Beta-catenin

Beta-catenin

Beta-catenin is a subunit of the cadherin protein complex. In "Drosophila", the homologous protein is called "armadillo". Beta-catenin has been implicated as an integral component in the Wnt signaling pathway.

It can function as an oncogene.cite journal |author=Wang X, Goode EL, Fredericksen ZS, "et al" |title=Association of genetic variation in genes implicated in the beta-catenin destruction complex with risk of breast cancer |journal=Cancer Epidemiol. Biomarkers Prev. |volume=17 |issue=8 |pages=2101–8 |year=2008 |month=August |pmid=18708403 |doi=10.1158/1055-9965.EPI-08-0134 |url=http://cebp.aacrjournals.org/cgi/pmidlookup?view=long&pmid=18708403]

Function

When beta-catenin was sequenced it was found to be a member of the armadillo family of proteins. These proteins have multiple copies of the so-called armadillo repeat domain which is specialized for protein-protein binding. An increase in beta-catenin production has been noted in those people who have Basal Cell Carcinoma and leads to the increase in proliferation of related tumors. [G. Saldanha, V. Ghura, L. Potter and A. Fletcher. "Nuclear beta-catenin in basal cell carcinoma correlates with increased proliferation" in "The British Journal of Dermatology" (2004) Volume 151, pages 157-164. Entrez Pubmed|15270885] When beta-catenin is not associated with cadherins and alpha-catenin, it can interact with other proteins such as ICAT and APC.

Role in liver biology

Recent evidence suggests that beta-catenin plays an important role in various aspects of liver biology including liver development (both embryonic and postnatal), liver regeneration following partial hepatectomy. HGF-induced hepatpomegaly, liver zonation, and pathogenesis of liver cancer. [cite journal |author=Thompson MD, Monga SP |title=WNT/beta-catenin signaling in liver health and disease |journal=Hepatology |volume=45 |issue=5 |pages=1298–305 |year=2007 |pmid=17464972 |doi=10.1002/hep.21651]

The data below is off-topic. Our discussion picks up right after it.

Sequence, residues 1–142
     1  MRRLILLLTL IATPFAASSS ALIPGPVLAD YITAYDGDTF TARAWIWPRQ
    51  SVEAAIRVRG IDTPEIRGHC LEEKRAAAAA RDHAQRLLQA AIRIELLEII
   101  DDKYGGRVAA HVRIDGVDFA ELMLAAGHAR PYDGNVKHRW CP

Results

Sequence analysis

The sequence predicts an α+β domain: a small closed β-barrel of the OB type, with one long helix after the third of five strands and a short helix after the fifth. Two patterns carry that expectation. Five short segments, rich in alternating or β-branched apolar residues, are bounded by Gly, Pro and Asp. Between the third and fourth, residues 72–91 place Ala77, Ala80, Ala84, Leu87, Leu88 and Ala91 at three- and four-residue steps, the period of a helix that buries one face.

Interactions of beta-catenin with other proteins

As mentioned above, beta-catenin contains armadillo repeats and is able to bind to other proteins. Inside cells, beta-catenin can be found in complexes with cadherins, transcription factors (TF in Figure 2) and other proteins such as axin, a component of the Wnt signalling pathway. The ability of beta-catenin to bind to other proteins is regulated by tyrosine kinases [J. Lilien and J. Balsamo "The regulation of cadherin-mediated adhesion by tyrosine phosphorylation/dephosphorylation of beta-catenin" in "Current opinion in cell biology" (2005) Volume 17, pages 459-465. Entrez Pubmed|16099633] and serine kinases such as GSK-3. [M. D. Castellone, H. Teramoto, B. O. Williams, K. M. Druey, J. S. Gutkind. "Prostaglandin E2 promotes colon cancer cell growth through a Gs-axin-beta-catenin signaling axis" in "Science (2005) Volume 310, pages 1504-1510. Entrez Pubmed|16293724]

When beta-catenin is not assembled in complexes with cadherins, it can form a complex with axin. While bound to axin, beta-catenin can be phosphorylated by GSK-3, which creates a signal for the rapid ubiquitin-dependent degradation of beta-catenin by proteosomes. Various signals such as the Wnt signalling pathway can inhibit GSK-3-mediated phosphorylation of beta-catenin, [X. Liu, J. S. Rubin and A. R. Kimmel. "Rapid, Wnt-induced changes in GSK3beta associations that regulate beta-catenin stabilization are mediated by Galpha proteins" in "Current Biology" (2005) Volume 15, pages 1989-1997. Entrez Pubmed|16303557] allowing beta-catenin to go to the cell nucleus, interact with transcription factors, and regulate gene transcription.